For once, the church is doing the rule-breaking.

Bay Area Community Church near Annapolis defies the stereotypes of what a church should be, offering an untraditional version of a stripped-down, jazzed-up Christianity.

You wouldn't know you were at church, from the look of it. There are no robes or kneeling parishioners, and the minister doesn't wear a suit jacket.

Music has a folk beat, accompanied by a keyboard and guitars. Sermons connect religion with everyday life, from discussions of modern culture to talks about stress.

It's enough to make some people blanch and others discard their ties. But while the baggage of tradition may be gone, the theology of the Christian faith -- belief in Jesus Christ -- remains, says pastor Mike Metzger.

Metzger is convinced the church's mission is to reach people where they are.

"We're targeting a generation that does not relate well to most older traditional churches," he says. "We want to tell people that God may not be who they remember him to be."

Part of a growing movement among evangelical churches to appeal to baby boomers, Bay Area tries to showcase basic theology by getting rid of traditions that, it says, blur the gospel.

Says the minister, "I'm 36 -- I'm right in the middle of the baby boomers. This is a place for my generation to say, 'Maybe God does exist, and maybe he does have something to say.' "

"We try to strip away the outside pressure," says church member Jenny Frances, 31. "We try to set aside the barriers of staunch choirs in robes, the stiffness. We come to worship God and learn in a non-threatening atmosphere."

A typical member at the church is between 32 and 42, with two children, Metzger says. This is not an accident.The people who started the church surveyed about 1,000 county residents who don't go to church and asked them why.

"Most told us threereasons they didn't go: unfriendly people, boring sermons and too much talk about money," Metzger says.

"We work hard on having good music, being friendly and sensitive to people and not using (religious) language they've never heard. We try to keep the sermons relevant. And we ask visitors not to give us money."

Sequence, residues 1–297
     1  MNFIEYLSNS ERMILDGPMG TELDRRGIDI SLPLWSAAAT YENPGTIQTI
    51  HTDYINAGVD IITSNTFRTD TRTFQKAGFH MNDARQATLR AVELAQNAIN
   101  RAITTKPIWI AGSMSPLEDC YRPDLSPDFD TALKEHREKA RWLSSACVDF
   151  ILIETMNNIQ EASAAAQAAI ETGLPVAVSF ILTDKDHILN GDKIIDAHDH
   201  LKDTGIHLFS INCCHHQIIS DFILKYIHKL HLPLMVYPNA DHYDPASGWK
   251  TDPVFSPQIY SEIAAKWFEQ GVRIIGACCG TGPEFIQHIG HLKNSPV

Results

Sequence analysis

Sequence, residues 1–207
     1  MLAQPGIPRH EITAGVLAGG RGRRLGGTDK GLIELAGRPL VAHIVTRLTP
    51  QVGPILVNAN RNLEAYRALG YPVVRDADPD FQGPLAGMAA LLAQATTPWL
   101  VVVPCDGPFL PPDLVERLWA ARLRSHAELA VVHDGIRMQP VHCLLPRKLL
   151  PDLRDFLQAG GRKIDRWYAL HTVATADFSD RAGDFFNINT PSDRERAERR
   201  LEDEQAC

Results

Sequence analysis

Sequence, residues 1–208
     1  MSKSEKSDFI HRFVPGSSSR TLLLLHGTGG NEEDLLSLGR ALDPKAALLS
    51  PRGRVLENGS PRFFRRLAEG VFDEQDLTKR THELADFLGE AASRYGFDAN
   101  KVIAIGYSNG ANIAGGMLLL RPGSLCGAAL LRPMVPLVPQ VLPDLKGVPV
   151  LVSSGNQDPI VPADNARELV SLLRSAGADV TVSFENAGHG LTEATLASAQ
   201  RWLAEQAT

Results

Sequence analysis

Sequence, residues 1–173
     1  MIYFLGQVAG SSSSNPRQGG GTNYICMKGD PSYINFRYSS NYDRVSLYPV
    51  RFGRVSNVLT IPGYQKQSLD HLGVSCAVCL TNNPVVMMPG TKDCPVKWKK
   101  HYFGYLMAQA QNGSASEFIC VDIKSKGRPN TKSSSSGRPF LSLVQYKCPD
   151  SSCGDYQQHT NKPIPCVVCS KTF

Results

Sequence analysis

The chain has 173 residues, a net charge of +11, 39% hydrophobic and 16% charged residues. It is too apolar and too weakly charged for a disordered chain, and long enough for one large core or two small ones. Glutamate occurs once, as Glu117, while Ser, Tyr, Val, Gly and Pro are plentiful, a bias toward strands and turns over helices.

On a recent Sunday morning, several hundred people packed the Pascal Center at Anne Arundel's Community College, where the church holds its two morning services.

Plenty of Gucci handbags and women in fur coats rustled into the auditorium. But they were out numbered by casually dressed young couples and couples in casual clothes and teen-agers in blue jeans and old sneakers.

Metzger, easygoing in a plaid shirt and cords, chatted about forgiveness.

"You won't forgive people because you don't think you needed God to forgive you all that much," he said, pulling outa battered red children's scooter as illustration. "To many of us, forgiveness is worth about as much as this old toy. But when you refuse to forgive a person, you gut the heart out of what God is all about."

After the sermon -- which couldn't have lasted more than 20 minutes -- came more singing in the form of wistful-sounding Psalms and bright little choruses with a rock beat. Church members swayed a bit as they sang: "For you alone my spirit cries/There is none else that satisfies/My heart this empty world denies, and I will not turn back.. . ."

Singing heartily was James Baca, 21, a midshipman at the Naval Academy. Baca says he never found a church he liked until he visited Bay Area.

"My dad's a Catholic, and my mom's a Baptist, and I was a Presbyterian. But here they emphasize what the Bible says instead of what a certain denomination believes," Baca says.

For people like Baca, churches like Bay Area are filling a huge void, says Metzger. At its best, such an untraditional church can provide a home for people who find mainline denomination churches dull or irrelevant, but seek some sort of spiritual meaning.

"People want to know if there's a church that will really talk about life, even with the raw edge, even if it's not real pretty," Metzger says. "In Arundel, we found a lot of people saying, 'Where is authenticity?' "

But this nouveau approach to religion can also be dangerous, Metzger concedes. At its worst, in the attempt to make people comfortable, theology can slide into sheer entertainment, he says.

"The difficulty is trying to be culturally sensitive without being culturally relative," he explains. "The baby-boomer generation is consumer-oriented. So there's that concern of adapting too much."

Metzger moved to the county in 1987, after completing seminary in Dallas. He and his wife Kathy and about four other couples hoped to start a "seeker-sensitive" church modeled after other evangelical churches targeted at baby-boomers.

What began as a Bible study in their home grew until a year later, when the church incorporated as an official church body. Now, nearly 500 people (about 350 adults with their children) attend Bay Area, Metzger says.

"A lot of people haven't given up on God, but they have given up on the church," Metzger says. "We're trying to change their minds."

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